, Volume 1, Issue 1, pp 33-41,
Open Access This content is freely available online to anyone, anywhere at any time.
Date: 11 Mar 2008

Fusing Tissue Engineering and Systems Biology Toward Fulfilling Their Promise

Abstract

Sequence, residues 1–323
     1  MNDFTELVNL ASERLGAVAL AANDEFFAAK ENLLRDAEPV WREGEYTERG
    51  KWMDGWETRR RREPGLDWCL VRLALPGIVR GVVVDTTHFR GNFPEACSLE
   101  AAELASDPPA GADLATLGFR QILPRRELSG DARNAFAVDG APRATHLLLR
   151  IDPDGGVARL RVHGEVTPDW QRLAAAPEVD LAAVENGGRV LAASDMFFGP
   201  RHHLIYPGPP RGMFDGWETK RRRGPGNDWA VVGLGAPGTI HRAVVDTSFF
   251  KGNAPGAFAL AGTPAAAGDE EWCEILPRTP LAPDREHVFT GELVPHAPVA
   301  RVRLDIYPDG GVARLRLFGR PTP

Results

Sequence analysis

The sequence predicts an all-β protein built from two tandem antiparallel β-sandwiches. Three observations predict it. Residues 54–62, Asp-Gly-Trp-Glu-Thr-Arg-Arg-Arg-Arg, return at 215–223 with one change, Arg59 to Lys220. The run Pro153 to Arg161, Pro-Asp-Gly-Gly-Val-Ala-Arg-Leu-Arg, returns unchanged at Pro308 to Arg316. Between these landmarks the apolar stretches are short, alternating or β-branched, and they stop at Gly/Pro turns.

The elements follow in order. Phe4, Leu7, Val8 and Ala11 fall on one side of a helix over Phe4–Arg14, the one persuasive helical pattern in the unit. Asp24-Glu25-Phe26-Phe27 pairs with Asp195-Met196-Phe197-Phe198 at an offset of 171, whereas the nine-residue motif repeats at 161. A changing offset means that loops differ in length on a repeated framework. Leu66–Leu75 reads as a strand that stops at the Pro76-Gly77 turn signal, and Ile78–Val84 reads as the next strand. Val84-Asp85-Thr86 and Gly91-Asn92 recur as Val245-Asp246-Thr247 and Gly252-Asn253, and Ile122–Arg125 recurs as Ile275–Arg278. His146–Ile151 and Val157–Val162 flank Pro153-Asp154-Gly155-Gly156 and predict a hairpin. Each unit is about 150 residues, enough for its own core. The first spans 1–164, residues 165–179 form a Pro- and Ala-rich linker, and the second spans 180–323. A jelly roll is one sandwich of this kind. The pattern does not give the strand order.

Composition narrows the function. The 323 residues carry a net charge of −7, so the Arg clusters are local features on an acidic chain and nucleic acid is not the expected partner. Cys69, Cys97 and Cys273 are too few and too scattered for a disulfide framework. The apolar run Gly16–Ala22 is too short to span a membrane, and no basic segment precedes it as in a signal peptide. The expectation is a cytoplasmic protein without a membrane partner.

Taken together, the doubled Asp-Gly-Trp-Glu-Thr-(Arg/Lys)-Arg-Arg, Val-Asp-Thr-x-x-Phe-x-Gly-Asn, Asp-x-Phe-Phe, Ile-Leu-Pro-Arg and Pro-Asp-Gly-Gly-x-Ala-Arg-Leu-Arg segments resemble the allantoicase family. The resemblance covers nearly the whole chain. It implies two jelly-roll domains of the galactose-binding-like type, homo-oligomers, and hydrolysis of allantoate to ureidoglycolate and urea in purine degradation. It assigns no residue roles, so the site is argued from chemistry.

Tissue engineering has progressed to enable development of engineered 3D in vitro tissue models that can recapitulate in vivo cellular physiologies through the control of an expansive variety of microenvironmental design features, including mechanical, extracellular matrix, and soluble stimulatory cues. Microenviromental cues stimulate cells through a system of interconnected molecular regulatory pathways that govern cellular behaviors within engineered tissue models. Detailed understanding of how cell signaling pathways process these microenvironmental stimuli to govern their behaviors will require application of systems-level biological approaches. To date, the experimental and modeling approaches at the heart of systems biology have largely been examined in relatively simple experimental contexts that are readily and repeatedly addressable, such as mammalian cell lines in 2D culture. To enhance the prospects for systems biology to bring about insight into the complex cellular processes underlying human physiology and disease, and to identify and validate candidate therapeutic approaches, it needs to be advanced into improved experimental contexts that more effectively represent the complexity and functionality of native tissues. Herein, we discuss how systems biology can be adapted to the experimental constraints and interests of tissue engineering, and suggest how systems biology could aid in designing and investigating engineered tissue models for the study of human physiology and pathophysiology.